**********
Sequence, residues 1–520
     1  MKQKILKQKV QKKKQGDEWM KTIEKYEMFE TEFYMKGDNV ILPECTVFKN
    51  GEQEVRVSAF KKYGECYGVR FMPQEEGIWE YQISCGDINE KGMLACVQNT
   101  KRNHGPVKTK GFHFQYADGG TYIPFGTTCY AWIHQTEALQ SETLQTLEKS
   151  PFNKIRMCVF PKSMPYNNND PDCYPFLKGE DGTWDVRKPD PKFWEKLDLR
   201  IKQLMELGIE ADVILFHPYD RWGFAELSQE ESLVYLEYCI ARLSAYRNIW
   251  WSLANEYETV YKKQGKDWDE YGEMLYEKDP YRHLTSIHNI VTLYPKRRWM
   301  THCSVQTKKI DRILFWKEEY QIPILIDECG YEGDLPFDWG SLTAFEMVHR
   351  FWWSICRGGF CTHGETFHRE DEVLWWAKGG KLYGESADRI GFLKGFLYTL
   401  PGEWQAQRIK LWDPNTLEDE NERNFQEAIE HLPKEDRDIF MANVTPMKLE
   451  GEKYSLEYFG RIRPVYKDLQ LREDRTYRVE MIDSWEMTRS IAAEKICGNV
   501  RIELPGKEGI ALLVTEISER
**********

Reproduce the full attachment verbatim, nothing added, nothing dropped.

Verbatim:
Sequence, residues 1–520
     1  MKQKILKQKV QKKKQGDEWM KTIEKYEMFE TEFYMKGDNV ILPECTVFKN
    51  GEQEVRVSAF KKYGECYGVR FMPQEEGIWE YQISCGDINE KGMLACVQNT
   101  KRNHGPVKTK GFHFQYADGG TYIPFGTTCY AWIHQTEALQ SETLQTLEKS
   151  PFNKIRMCVF PKSMPYNNND PDCYPFLKGE DGTWDVRKPD PKFWEKLDLR
   201  IKQLMELGIE ADVILFHPYD RWGFAELSQE ESLVYLEYCI ARLSAYRNIW
   251  WSLANEYETV YKKQGKDWDE YGEMLYEKDP YRHLTSIHNI VTLYPKRRWM
   301  THCSVQTKKI DRILFWKEEY QIPILIDECG YEGDLPFDWG SLTAFEMVHR
   351  FWWSICRGGF CTHGETFHRE DEVLWWAKGG KLYGESADRI GFLKGFLYTL
   401  PGEWQAQRIK LWDPNTLEDE NERNFQEAIE HLPKEDRDIF MANVTPMKLE
   451  GEKYSLEYFG RIRPVYKDLQ LREDRTYRVE MIDSWEMTRS IAAEKICGNV
   501  RIELPGKEGI ALLVTEISER